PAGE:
More than 50 migrants camped outside the Watson Hotel in Manhattan in protest on Sunday night as the city sought to move the single male migrants to a new shelter at the Brooklyn Cruise Terminal to make space for migrant families.
The new shelter holds as many as 1,000 single adult men and provides the same services the migrants had been receiving, city officials told the New York Post. The shelter is the fifth Humanitarian Emergency Response and Relief Center to open in the city since last year.
Several migrants went to the shelter over the weekend before returning to the hotel to sleep outside last night, saying the shelter had no heat, privacy or blankets, according to reports.
One activist told the New York Post that the migrants feel the shelter is "not livable."
More than a dozen police officers responded to the hotel on Sunday around 10 p.m. to provide crowd control, though fewer remained after midnight, according to the report. Activists from South Bronx Mutual Aid offered food, water and translation services.
The migrants hung a banner calling for permanent housing and to "cancel rent."
A spokesperson for Mayor Eric Adams said the city continues to "surpass our moral obligations" in caring for the influx of migrants.
"More than 42,000 asylum seekers have arrived in New York City since last spring and we continue to surpass our moral obligations as we provide asylum seekers with shelter, food, health care, education, and a host of other services," spokesperson Fabien Levy told the New York Post.
"The facilities at Brooklyn Cruise Terminal will provide the same services as every other humanitarian relief center in the city, and the scheduled relocations to Brooklyn Cruise Terminal this weekend took place as planned," Levy added. "We remain in serious need of support from both our state and federal governments."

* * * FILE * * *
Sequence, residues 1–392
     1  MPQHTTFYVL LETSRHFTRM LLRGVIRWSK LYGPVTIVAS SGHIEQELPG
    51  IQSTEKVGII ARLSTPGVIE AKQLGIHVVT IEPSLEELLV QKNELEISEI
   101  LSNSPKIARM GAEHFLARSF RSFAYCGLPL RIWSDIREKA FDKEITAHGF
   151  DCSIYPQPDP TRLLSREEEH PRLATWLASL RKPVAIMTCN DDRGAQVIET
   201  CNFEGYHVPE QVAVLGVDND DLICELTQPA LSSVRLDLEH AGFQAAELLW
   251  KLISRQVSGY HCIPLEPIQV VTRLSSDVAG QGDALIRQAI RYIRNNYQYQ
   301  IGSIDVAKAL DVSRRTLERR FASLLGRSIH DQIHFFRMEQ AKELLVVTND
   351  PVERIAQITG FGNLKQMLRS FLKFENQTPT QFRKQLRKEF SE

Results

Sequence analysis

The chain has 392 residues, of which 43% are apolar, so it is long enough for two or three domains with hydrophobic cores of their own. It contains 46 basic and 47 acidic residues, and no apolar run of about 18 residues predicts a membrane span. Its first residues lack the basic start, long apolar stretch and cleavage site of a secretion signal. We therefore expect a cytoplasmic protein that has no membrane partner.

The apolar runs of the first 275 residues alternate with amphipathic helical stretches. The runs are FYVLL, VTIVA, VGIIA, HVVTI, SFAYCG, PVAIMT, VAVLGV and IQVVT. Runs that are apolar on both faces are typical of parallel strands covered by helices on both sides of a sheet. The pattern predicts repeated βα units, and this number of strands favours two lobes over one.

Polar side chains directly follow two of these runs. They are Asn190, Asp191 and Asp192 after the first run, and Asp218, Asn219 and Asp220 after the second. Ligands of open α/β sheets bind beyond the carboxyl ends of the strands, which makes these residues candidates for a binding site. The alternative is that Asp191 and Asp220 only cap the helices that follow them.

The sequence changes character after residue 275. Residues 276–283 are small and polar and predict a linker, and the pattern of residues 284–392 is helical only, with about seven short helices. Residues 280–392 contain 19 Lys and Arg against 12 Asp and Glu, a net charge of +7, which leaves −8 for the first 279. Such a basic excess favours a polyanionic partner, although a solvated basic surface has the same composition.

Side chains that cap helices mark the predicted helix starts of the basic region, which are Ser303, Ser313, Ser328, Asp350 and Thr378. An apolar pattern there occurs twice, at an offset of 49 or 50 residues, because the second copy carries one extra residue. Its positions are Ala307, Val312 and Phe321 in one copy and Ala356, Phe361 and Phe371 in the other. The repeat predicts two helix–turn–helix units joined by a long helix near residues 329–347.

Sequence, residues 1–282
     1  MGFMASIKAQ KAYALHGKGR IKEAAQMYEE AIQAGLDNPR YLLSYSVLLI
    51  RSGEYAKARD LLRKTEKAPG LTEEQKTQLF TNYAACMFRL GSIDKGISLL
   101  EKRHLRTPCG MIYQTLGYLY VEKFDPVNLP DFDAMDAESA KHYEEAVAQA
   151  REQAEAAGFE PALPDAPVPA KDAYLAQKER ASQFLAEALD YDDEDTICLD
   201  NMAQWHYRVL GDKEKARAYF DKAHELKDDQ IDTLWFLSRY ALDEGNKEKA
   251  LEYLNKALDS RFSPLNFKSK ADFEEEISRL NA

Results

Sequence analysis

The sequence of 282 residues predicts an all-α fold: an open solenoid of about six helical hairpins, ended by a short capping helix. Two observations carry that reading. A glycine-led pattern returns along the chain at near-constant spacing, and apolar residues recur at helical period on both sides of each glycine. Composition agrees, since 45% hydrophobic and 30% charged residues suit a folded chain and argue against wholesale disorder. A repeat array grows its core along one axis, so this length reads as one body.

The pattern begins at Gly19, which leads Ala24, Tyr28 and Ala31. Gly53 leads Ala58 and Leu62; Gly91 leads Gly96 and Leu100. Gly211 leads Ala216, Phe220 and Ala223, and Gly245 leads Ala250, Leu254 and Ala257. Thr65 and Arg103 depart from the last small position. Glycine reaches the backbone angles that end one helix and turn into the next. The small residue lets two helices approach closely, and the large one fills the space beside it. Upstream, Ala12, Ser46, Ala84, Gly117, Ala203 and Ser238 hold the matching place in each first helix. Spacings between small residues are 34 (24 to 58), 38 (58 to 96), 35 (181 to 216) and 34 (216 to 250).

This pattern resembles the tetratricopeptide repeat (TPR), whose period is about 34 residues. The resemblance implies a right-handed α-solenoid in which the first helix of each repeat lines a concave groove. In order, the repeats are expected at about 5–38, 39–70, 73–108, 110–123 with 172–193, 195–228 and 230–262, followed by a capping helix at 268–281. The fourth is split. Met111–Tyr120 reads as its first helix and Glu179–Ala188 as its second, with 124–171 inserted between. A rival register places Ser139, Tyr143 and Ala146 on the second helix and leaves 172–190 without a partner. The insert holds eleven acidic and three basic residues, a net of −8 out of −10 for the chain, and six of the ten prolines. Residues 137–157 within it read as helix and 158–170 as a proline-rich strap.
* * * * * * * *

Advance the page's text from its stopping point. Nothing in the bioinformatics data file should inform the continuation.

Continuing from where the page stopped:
Earlier this month, Adams traveled to El Paso, Texas, to raise awareness of the growing problems at the border.
"[W]hen I took the trip to El Paso, you could see firsthand the impact of how it not only harms the foundation of El Paso, but look at Chicago, Houston, Washington, New York City," Adams told MSNBC.
"This is just unfair for cities to carry the weight of a national problem," he added.
Asked whether he had any constructive conversations about "bringing more order to the border" with the Biden administration, Adams said: "I was told that we have an individual that's coordinating the operation, and as I shared with White House officials, why don't I know who that is?"
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